Where is Joaquin Castro? About a month ago, news reports indicated that the U.S. congressman from San Antonio was days away from announcing he would challenge incumbent Sen. John Cornyn. But Castro hasn’t said much since then.
Abby Livingston, Washington bureau chief for The Texas Tribune, says she believes Castro will announce his decision soon, perhaps by Wednesday. She says Democrats, and Castro, in particular, may be realizing just how difficult a challenge to Cornyn could be.
“I’ve covered a lot of races … and you start planning for a Senate race a year in advance, at least,” Livingston says. “So, when all this hubbub was going on in late March, I’m looking at this, going, ‘I don’t see the evidence he’s running for Senate.'”
Livingston says Castro hasn’t taken crucial steps like meeting with Democratic Senate Leader Chuck Schumer about his potential candidacy.
Also, she says Castro has lagged when it comes to fundraising – a problem he shares with his brother, presidential candidate Julián Castro. Julián, a former San Antonio mayor, has only raised $36,000 in the first quarter of this year, Livingston says.
“Someone who’s gearing up for Senate is probably going to raise $500,000-$800,000, and so [Joaquin Castro’s] counter-argument to that was he was occupied helping his brother launch his presidential campaign, starting in January,” Livingston says. “I think maybe some of the political energy has been dispersed.”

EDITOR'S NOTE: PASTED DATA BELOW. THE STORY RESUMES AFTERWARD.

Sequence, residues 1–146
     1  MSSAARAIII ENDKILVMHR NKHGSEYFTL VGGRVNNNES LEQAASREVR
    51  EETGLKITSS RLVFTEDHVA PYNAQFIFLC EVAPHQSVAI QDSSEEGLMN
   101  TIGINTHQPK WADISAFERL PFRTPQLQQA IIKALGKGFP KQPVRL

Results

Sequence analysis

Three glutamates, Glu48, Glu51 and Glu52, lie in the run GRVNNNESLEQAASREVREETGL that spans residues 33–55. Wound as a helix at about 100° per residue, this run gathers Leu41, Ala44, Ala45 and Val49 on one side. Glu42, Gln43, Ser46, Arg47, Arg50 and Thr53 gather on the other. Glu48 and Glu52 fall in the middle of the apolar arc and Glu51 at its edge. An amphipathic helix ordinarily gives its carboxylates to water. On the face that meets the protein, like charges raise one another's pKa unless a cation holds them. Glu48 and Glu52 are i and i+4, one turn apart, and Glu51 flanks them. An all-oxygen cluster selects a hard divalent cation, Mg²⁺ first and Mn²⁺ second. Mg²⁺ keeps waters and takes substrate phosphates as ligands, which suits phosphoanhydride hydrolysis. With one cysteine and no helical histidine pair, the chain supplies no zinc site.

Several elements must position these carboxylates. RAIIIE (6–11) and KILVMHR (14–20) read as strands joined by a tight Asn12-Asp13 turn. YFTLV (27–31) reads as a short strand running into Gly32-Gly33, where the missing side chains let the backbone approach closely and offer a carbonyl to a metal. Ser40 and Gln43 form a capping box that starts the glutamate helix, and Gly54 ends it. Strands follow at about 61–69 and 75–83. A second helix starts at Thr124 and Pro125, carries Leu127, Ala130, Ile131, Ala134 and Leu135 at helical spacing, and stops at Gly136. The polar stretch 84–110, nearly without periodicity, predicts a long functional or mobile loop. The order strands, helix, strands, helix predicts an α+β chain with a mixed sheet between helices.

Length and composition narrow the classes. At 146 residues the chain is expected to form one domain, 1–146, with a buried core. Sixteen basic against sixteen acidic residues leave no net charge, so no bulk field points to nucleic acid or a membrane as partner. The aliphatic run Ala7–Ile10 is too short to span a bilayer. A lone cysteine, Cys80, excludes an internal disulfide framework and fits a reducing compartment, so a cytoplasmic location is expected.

Livingston says there’s a disconnect between Washington Democrats, in general, and those from Texas. She says members of the Texas Democratic House delegation were ready to support Castro if he ran for the Senate seat, but other Washington Democrats were less aware of Castro’s ambitions.
“People were starting to put their names next to him,” Livingston says. “Now, if he doesn’t run, they’re kind of out on a limb, having endorsed him before he even announced.”
MJ Hegar announced last week that she was running for Cornyn’s Senate seat, too. Livingston says Hegar’s bid puts pressure on Castro. Hegar hasn’t yet been endorsed by Emily’s List, the fundraising group that funds female Democrats who support abortion rights. But such an endorsement could happen, and that would put further pressure on Castro, Livingston says.
Written by Shelly Brisbin.